Achalasia: Physician versus Surgeon

May 16, 2019 By: Paul Fockens and Giovanni Zaninotto

Achalasia: Physician versus Surgeon

Two European experts give their opposing views on the best treatment option for achalasia

Oesophageal achalasia is a rare motility disorder, in which peristalsis is impaired or absent and the lower oesophageal sphincter fails to relax. Symptoms of achalasia include dysphagia, regurgitation of undigested food, coughing and choking, chest pain and chest infections.

 

We invited two European experts to give their opposing viewpoints—physician versus surgeon—on the best treatment option for achalasia.

 

 

 

 

A Physician's Viewpoint—Paul Fockens

Although the title of this blog quickly attracted your attention, it is actually not a choice between physician and surgeon but a choice between peroral endoscopic myotomy (POEM) and laparoscopic Heller myotomy (LHM). From a patient's point of view, the natural orifice approach will be preferred as it diminishes complications and reduces recovery time. But are both treatments equal in their efficacy and safety profile? There are many studies that suggest the efficacy of both POEM and LHM is excellent, but POEM has not been around very long so less evidence is available. Two large randomized controlled trials presented in abstract form and awaiting full publication both demonstrate the high efficacy of POEM, which seems equal to LHM and superior to a set of two pneumatic dilations. But how about safety? POEM is significantly less invasive, and thereby safer, than LHM; complications are very rare and usually mild. Therefore, with comparable efficacy and improved safety when compared with LHM, POEM seems to have a bright future. Is there any disadvantage to POEM? Yes, there is one issue and that is reflux. POEM can currently not be combined with an endoscopic antireflux procedure, so a significant percentage of patients will have to use proton pump inhibitors after POEM. It is up to the patient, after care has been taken to inform them about all available treatment options, to come to a shared decision with their doctor. Without a doubt in my mind, I believe POEM will frequently be the patient's favourite choice!

References

 

A Surgeon's Viewpoint—Giovanni Zaninotto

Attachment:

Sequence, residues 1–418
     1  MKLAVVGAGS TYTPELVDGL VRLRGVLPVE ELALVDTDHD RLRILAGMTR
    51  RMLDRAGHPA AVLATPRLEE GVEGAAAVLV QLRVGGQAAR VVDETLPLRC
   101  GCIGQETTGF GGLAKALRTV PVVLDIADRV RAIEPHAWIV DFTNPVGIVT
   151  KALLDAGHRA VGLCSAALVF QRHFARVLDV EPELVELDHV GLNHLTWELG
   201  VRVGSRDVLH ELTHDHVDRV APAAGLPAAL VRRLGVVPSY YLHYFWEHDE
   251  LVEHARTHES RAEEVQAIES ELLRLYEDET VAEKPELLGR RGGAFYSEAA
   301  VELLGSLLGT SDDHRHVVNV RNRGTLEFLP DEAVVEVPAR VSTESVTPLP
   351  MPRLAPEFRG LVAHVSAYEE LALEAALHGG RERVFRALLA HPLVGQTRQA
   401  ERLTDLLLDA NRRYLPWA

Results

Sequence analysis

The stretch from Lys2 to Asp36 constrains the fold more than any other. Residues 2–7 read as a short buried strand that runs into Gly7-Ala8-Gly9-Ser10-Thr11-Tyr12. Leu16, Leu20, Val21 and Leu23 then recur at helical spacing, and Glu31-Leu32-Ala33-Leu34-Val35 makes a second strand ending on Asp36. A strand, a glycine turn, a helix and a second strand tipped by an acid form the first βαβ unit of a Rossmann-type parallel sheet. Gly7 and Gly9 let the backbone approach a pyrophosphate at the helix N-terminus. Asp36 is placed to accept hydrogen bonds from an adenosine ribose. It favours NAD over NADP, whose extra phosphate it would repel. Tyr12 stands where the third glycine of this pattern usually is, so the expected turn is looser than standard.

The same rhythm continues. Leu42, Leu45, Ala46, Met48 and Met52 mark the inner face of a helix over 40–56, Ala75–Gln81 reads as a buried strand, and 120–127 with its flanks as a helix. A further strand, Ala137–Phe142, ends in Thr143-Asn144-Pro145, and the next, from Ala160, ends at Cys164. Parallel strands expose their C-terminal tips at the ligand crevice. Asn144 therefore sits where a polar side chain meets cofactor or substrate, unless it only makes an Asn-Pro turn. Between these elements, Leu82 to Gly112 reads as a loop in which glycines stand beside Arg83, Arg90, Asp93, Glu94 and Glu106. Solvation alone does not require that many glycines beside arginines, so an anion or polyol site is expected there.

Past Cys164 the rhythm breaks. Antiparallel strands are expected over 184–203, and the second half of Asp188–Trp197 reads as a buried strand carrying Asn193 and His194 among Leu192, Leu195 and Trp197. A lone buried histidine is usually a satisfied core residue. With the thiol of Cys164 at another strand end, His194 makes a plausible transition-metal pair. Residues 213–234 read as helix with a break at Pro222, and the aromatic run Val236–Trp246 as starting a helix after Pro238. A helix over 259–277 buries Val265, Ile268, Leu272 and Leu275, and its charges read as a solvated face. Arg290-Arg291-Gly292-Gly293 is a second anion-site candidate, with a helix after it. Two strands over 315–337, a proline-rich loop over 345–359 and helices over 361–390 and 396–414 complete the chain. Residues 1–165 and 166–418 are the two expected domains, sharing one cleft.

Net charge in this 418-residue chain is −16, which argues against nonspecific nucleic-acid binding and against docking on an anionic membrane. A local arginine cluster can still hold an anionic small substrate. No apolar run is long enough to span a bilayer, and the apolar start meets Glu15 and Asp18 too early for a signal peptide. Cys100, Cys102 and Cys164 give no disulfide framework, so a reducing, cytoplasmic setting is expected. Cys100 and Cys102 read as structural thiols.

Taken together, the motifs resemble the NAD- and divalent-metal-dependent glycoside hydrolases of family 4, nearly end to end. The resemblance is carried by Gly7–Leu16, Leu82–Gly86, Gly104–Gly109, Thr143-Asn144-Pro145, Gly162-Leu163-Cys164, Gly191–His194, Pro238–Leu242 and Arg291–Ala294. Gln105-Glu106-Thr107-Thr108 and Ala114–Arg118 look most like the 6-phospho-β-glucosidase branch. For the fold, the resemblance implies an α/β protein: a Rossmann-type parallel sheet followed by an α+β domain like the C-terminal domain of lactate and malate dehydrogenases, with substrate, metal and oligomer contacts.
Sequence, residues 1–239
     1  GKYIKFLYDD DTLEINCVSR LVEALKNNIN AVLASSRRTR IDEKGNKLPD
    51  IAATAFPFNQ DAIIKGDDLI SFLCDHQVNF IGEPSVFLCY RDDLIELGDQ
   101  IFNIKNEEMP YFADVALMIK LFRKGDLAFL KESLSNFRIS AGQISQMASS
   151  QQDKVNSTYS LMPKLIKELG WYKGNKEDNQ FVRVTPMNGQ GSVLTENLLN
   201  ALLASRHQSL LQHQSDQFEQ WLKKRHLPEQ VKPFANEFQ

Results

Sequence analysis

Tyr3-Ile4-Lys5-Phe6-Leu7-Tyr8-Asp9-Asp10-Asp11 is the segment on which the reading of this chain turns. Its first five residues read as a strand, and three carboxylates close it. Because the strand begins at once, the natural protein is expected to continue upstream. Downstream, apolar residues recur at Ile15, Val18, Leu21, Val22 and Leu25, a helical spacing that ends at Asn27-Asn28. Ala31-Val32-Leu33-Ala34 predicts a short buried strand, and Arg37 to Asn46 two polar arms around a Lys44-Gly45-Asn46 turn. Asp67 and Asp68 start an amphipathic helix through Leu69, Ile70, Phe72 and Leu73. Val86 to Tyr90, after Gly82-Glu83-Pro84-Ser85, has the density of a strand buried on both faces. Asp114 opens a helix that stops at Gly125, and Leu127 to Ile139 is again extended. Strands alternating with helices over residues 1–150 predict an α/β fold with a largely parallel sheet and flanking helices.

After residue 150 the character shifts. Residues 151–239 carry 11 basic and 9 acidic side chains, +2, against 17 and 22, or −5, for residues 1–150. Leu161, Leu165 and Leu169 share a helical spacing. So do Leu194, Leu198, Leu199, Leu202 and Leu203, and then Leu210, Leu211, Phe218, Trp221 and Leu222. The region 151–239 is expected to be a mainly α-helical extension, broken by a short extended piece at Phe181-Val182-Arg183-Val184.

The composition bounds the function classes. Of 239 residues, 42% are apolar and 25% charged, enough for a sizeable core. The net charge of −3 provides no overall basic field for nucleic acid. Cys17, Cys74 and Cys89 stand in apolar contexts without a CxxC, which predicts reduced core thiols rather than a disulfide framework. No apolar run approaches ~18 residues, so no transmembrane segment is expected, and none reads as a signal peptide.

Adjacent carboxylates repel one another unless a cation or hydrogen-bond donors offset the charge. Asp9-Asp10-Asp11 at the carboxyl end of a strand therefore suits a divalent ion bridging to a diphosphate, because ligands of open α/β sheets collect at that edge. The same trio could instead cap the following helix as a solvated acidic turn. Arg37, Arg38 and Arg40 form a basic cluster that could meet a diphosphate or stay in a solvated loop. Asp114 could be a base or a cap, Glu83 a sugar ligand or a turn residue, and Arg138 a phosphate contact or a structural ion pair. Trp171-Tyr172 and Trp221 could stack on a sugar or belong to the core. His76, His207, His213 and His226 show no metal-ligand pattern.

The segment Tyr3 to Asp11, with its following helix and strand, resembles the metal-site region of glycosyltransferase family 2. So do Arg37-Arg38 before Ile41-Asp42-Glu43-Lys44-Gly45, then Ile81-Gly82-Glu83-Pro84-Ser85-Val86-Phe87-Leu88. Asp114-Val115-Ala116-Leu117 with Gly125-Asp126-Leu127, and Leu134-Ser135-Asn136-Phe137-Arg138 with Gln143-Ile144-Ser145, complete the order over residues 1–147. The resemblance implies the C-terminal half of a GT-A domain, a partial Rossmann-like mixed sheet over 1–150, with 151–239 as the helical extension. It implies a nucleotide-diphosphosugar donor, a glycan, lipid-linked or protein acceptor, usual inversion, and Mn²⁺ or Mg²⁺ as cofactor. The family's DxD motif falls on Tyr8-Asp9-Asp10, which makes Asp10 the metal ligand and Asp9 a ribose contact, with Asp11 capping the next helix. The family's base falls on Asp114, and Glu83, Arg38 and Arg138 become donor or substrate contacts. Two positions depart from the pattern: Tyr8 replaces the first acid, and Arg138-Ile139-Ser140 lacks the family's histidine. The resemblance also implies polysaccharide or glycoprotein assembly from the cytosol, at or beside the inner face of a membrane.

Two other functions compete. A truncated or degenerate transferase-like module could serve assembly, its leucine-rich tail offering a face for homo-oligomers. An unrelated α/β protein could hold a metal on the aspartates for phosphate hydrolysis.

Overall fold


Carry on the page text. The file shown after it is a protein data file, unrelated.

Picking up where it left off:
Surgical treatment of oesophageal achalasia divides the muscle fibresof the distal oesophagus and cardia, leaving the underlying mucosa intact. Consequently, resistance of the lower oesophageal sphincter to the flow of the bolus is diminished. Heller myotomy, named for the German surgeon who performed it first (in 1913), has been completed laparoscopically (LHM) since 1990, with a partial wrap of the fundus added to prevent iatrogenic gastro-oesophageal reflux disease (GORD). LHM has gained vast popularity because of its efficacy in reducing dysphagia (89% and 85% of patients are asymptomatic at 5 and 10 years, respectively) while maintaining a very good safety profile (mortality <0.1%, morbidity <7%). Postoperative reflux is observed in 10–20% of patients when a partial fundoplication is added to LHM. Three randomized controltrials and three meta-analyses have compared the efficacy of LHM with that of pneumatic dilation, revealing that pneumatic dilation can achieve the same efficacy as LHM only after multiple, sequential dilations. Moreover, LHM is more effective than pneumatic dilation for treatment of type III spastic achalasia. There are no randomized control trials published in full that compare LHM with POEM, though two meta-analyses show that POEM achieves slightly (but significantly) better symptomatic control than LHM, especially for type III achalasia. However, the duration of the patient follow-up was shorter for POEM, and POEM presented a higher risk of postoperative reflux (20–40%). I believe five small abdominal scars are preferable to an increased risk of GORD, and that LHM remains the 'single-shot' better option for achalasia patients.

References

About the Authors

Paul Fockens is Professor and Chair of Gastroenterology & Hepatology, Amsterdam University Medical Centers, Amsterdam, The Netherlands. His clinical and research interests regard interventional endoscopy as well as oncology. He is the current UEG President. Follow Paul on Twitter @PaulFockens.

Giovanni Zaninotto is currently Visiting Professor in the Department of Surgery & Cancer at Imperial College, London, UK, and Editor of Diseases of the Esophagus. His clinical and research interests include all diseases of the oesophagus and laparoscopic surgery of the upper gastrointestinal tract.

 

Comments

Dmitry Haurilenka, June 19, 2019 16:33
Really interesting topic. and predictable bipolar views))
What method was used to diagnose achalasia. Are physician and surgeon unanimous regarding the method of diagnosis of achalasia?
Sincerely
Ivan Lyutakov, June 18, 2019 19:10
Hello, my name is Ivan Lyutakov (Gastroenterologist) and I am from Bulgaria. In our hospital (center) we don't have thoracic surgery. We only have abdominal surgeons and they perform LHM, but is it feasible we gastroenterologists to start doing POEMS without a thoracic surgery around? Very good topic and idea for discussion! Thank you!